Steel Wool Overcoat
I became enamored with waulking steel wool into peltish cloaks and covering things; waulking referring to the song-filled Gaelic tradition of purifying and shrinking sheep’s wool into cloth. The method I use involves less purification and direct animal matter and rather relies on brush-stitching steel wool pads together while massaging them with a saltwater acid to transform the iron into the transitional state of iron oxide, reddish, orangey, yellowy, and sometimes black rust.
These offshoots of the sculptures become varying pigments for drawing and interpreting layers of air and earth. The soft-looking pelt sculptures titled Steel Wool Overcoat and Oversized Steel Wool Overcoat are in a constant state of disintegration and hardening; what exists on the “safety yellow” synoptic table of this work are the “rocks” and dust particle sticky-states of the materials after months of air baths in saltwater. Interestingly, rust/iron oxide is not the complete destruction of iron; if one were to launch a concentrated amount of hydrogen at a pile of rust, one would once again make iron.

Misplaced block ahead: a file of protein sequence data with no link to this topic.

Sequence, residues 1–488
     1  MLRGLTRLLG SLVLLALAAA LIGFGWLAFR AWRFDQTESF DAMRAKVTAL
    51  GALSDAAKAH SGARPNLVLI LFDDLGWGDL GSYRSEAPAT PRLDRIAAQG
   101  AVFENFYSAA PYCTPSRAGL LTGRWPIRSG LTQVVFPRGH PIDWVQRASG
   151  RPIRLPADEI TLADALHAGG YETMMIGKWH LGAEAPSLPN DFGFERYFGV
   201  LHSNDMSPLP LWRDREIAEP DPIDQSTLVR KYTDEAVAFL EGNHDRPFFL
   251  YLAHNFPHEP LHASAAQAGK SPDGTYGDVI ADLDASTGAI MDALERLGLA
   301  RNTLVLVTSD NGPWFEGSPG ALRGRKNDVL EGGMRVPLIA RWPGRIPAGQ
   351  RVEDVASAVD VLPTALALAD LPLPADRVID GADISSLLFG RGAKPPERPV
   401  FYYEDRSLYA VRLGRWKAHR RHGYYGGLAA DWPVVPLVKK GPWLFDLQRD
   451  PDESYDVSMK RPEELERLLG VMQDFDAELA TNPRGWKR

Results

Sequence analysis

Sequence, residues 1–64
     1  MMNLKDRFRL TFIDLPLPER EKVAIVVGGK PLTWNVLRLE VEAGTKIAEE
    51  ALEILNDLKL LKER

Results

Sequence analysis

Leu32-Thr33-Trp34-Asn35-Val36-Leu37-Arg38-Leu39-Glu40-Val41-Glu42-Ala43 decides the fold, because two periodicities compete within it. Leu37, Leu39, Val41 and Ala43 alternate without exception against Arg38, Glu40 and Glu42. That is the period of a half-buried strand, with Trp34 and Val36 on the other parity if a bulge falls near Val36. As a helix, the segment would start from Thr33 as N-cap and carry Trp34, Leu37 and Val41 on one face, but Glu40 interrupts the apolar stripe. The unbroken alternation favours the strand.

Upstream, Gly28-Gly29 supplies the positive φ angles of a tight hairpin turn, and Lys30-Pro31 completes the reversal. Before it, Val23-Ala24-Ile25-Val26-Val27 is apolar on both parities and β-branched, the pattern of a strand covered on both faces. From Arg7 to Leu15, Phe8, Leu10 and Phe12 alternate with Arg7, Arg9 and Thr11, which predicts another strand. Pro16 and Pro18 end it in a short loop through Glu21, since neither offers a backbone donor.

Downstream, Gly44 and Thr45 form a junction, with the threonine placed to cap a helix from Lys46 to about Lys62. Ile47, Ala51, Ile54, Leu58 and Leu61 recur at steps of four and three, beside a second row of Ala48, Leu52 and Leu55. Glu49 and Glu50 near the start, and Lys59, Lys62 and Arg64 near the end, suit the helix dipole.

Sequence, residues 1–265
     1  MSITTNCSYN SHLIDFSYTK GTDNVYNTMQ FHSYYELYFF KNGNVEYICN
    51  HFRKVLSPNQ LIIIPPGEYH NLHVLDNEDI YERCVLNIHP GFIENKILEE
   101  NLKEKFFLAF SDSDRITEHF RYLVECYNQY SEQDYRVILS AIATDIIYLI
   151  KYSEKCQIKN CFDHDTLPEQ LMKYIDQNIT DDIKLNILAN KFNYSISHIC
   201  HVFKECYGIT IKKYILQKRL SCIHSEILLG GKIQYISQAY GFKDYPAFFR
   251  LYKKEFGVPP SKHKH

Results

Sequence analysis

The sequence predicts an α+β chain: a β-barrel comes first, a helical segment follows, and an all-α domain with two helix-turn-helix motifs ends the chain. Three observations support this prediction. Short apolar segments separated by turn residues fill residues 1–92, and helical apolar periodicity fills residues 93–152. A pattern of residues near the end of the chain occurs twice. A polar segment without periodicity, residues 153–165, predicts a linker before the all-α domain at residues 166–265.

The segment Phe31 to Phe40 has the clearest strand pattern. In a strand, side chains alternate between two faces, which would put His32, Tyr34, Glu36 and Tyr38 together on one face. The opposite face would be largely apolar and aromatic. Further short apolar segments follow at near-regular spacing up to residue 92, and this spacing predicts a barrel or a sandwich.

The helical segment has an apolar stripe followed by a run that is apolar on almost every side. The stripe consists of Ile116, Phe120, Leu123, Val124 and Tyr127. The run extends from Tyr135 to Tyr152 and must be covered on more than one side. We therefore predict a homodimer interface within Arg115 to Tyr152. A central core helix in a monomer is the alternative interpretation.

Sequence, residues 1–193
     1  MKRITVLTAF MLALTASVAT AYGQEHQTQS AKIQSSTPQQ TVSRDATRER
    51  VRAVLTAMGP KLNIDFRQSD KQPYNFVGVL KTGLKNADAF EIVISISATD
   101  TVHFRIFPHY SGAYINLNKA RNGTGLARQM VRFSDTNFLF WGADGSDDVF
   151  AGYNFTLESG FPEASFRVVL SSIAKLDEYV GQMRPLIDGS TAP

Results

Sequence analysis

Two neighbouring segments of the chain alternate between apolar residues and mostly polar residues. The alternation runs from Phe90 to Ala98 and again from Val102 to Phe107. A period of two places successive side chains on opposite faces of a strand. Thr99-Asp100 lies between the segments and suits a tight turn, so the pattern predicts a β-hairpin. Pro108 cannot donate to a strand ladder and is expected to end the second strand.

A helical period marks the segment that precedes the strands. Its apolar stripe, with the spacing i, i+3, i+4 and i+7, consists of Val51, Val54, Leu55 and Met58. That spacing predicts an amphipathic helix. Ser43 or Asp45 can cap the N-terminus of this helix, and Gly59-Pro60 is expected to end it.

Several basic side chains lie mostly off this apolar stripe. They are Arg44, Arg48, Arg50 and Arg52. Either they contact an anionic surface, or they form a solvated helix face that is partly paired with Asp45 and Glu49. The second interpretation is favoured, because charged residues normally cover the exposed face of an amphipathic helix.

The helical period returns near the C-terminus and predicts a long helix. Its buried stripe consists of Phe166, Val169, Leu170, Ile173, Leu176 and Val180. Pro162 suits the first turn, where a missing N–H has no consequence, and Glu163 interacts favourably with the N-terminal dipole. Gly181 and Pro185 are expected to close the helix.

The public and social contract of holding onto, donning costumes, and using pathways for transportation is the catalyst and driving force behind my current research and studio practice. Embracing the mysterious rituals of transportation, both for the living and the dead, involves the use of color as punctuating language, explorations of ranges between the support structures and material motifs, connective tissues in their softest and hardest forms, noticing the racetracks of daily life or doing repetitively the same driving commute, and the reversal of specific gravities; as necessary to convey the weight and light of each iteration.